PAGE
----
School board awards plowing contract to Prospect company


NAUGATUCK — The Board of Education chose Eagle Sweeping & Property Maintenance to plow snow on school properties, although the Prospect company was not the lowest bidder.

Board members unanimously approved the Eagle bid Monday because James Trzaski, a borough fire captain who has plowed for the school district for the past decade, is now a subcontractor for the company and will continue to oversee snow removal from borough schools.

“I was surprised that we didn’t see Trzaski’s bid here, but now that I know he’ll be working for Eagle, I feel much better,” board Chair David Heller said.

The board will draw up a one-year written contract to sign with Eagle, according to Wayne McAllister, business manager for borough schools.

Trzaski, as a subcontractor for Eagle, plowed borough schools after the October snowstorm, McAllister said. Until recently, Trzaski owned his own company, JPT Services, which the school board awarded a yearlong plowing contract last winter.

Eagle Sweeping & Property Maintenance will charge a rate of $85 per hour per vehicle, McAllister said. The only other bidder, a Waterbury company named SMC, bid at $75 per hour per vehicle.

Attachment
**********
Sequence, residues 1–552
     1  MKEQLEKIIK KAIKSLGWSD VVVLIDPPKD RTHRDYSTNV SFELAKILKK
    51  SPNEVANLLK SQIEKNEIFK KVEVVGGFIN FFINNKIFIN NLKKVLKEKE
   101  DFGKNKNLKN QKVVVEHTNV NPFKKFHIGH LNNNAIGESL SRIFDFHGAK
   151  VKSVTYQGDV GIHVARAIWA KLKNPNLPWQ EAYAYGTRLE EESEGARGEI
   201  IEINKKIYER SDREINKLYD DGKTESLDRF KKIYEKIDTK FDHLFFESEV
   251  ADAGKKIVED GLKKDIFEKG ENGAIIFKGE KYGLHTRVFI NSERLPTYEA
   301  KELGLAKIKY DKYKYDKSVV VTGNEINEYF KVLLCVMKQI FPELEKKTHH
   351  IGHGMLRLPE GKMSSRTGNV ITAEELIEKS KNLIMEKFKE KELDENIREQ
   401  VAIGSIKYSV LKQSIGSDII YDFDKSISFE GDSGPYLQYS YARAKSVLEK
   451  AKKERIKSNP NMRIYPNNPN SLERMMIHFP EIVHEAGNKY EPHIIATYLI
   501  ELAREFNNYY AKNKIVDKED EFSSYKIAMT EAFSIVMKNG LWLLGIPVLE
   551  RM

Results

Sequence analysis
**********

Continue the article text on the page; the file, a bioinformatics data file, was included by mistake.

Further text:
Mike Lynch, the school system’s facilities manager, and borough Director of Public Works James Stewart recommended the board choose Eagle, McAllister said. Stewart pointed out the borough is paying all its plowing contractors $90 per hour per vehicle.

Board members said they trusted Trzaski, who will continue to command three plow drivers. He has won the school system’s bid for the past 10 years, except in 2008 when the board had him split the job with Integrity Landscaping, which was co-owned by then-Mayor Mike Bronko’s son.

After about two months, the board ended its contract with Integrity, saying the company was performing inadequately.

Eagle has plowed borough streets before. When the borough needed to remove piles of snow last March to improve sight lines at intersections, Trzaski called Eagle to bring in large plows and payloaders, which was another point in the company’s favor for the school board.

“Eagle has the big trucks that we may need when we have the big storms,” Heller said.